On the topic of the Cho incident:
The anti-psychiatry crowd tried to use the Virginia Tech case to paint the frightening image that psychiatric medications caused Seung-Hui Cho to go on a murderous rampage. In an unsigned letter, one group issued a demand for the toxicology report under the Virginia Freedom of Information Act, threatening legal action.
Last week, the results of toxicology tests were released. But, the fearmongers won’t be pleased. The state medical examiner’s office found no trace of prescription drugs or toxic substances in Cho’s body.
In this day and age, it is hard to believe that there are still people who deny the existence of severe mental illnesses and point to everything but untreated psychotic symptoms as the cause of harmful behaviors. But, the research shows that schizophrenia and bipolar disorder are diseases of the brain. And as most people suspected, it was Cho’s untreated symptoms that caused so much devastation.
I’m really confused here. The TAC is the group that’s known for advocating family members (or something) gaining complete control over a mentally ill person – giving them the opportunity to have that person committed. From what I understand, it sounds like the TAC wants to do that even if the mentally ill person doesn’t have a psychiatric advance directive.
The TAC seems to mock the fact that the "anti-psychiatry" crowd who said Cho was on some heavy meds when he went on his rampage. TAC’s "nah-nanny-boo-boo" comes at the end when they gloat about how Cho’s rampage was the result of an untreated mental illness.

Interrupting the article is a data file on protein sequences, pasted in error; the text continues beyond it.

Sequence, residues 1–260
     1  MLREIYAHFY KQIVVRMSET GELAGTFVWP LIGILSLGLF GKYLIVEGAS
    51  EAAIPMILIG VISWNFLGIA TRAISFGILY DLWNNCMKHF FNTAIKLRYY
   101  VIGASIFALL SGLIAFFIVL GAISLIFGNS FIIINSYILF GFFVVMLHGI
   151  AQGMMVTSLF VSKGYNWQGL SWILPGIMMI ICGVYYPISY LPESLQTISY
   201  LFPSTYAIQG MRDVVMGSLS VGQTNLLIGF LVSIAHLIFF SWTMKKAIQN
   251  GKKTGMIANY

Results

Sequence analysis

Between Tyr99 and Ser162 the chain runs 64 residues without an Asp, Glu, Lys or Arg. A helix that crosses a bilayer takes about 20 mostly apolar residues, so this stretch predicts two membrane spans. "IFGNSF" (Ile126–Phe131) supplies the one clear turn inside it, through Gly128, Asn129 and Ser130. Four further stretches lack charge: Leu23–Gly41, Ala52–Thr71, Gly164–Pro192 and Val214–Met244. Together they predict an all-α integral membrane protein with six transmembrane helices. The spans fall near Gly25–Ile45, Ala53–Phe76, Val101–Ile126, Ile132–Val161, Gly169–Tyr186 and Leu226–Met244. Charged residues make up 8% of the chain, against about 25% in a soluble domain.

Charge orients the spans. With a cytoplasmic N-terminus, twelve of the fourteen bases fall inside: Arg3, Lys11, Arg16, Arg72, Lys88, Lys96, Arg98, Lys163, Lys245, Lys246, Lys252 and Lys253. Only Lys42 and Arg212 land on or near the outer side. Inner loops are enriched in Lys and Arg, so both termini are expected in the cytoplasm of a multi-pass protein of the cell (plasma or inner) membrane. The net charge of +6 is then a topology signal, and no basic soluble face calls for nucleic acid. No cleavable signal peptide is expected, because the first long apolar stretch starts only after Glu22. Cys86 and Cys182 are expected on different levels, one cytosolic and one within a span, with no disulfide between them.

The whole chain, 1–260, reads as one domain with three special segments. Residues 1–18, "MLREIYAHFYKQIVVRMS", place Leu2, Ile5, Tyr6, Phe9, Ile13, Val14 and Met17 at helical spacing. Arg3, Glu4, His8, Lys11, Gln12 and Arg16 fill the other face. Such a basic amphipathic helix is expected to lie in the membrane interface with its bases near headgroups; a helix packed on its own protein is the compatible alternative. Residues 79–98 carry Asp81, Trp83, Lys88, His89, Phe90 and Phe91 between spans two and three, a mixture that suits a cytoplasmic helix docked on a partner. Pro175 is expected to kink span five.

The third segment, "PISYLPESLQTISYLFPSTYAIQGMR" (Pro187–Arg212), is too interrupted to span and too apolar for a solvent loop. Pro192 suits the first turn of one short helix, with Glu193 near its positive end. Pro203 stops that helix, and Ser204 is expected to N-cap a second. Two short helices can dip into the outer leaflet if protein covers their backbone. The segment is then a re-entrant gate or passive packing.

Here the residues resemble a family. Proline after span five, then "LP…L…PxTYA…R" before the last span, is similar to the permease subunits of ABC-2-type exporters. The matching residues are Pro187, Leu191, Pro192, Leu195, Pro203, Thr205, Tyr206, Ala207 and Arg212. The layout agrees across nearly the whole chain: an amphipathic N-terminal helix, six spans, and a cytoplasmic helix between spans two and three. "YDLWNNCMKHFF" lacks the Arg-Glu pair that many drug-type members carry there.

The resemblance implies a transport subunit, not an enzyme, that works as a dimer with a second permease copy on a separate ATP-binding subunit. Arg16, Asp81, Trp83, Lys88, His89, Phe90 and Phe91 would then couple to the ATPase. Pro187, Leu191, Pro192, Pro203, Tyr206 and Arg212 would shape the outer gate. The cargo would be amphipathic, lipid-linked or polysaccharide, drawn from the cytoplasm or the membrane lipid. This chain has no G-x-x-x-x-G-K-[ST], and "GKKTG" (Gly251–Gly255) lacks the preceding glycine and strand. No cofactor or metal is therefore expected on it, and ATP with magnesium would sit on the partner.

I was never completely convinced Cho was on meds. Perhaps an antidepressant but I didn’t think antipsychotics or drugs that heavy. (Pass the ‘quell!) Nevertheless, I reject the TAC’s argument that if Cho were on meds, the VTech massacre could have been prevented. See my post from yesterday on Christopher Pittman who killed his grandparents and burned their house down while taking 200 mg (an adult dosage) of Zoloft. It’s completely possible that Cho had a mental illness that went untreated. But I think it’s time that people finally just admit that Cho was responsible for his actions with or without meds. If I go out and shoot a cop, I can appeal that the bipolar disorder made me do it, but regardless, I’m the one who did it. I’m responsible for my actions for shooting a cop, bipolar disorder or not. (Philadelphians: Resist the temptation to insert Mumia Abu-Jamal joke here.)
There are still a lot of fuzzy things surrounding Cho’s mental health and his motivation behind the shootings, but I have a feeling there will be many more questions and very few answers.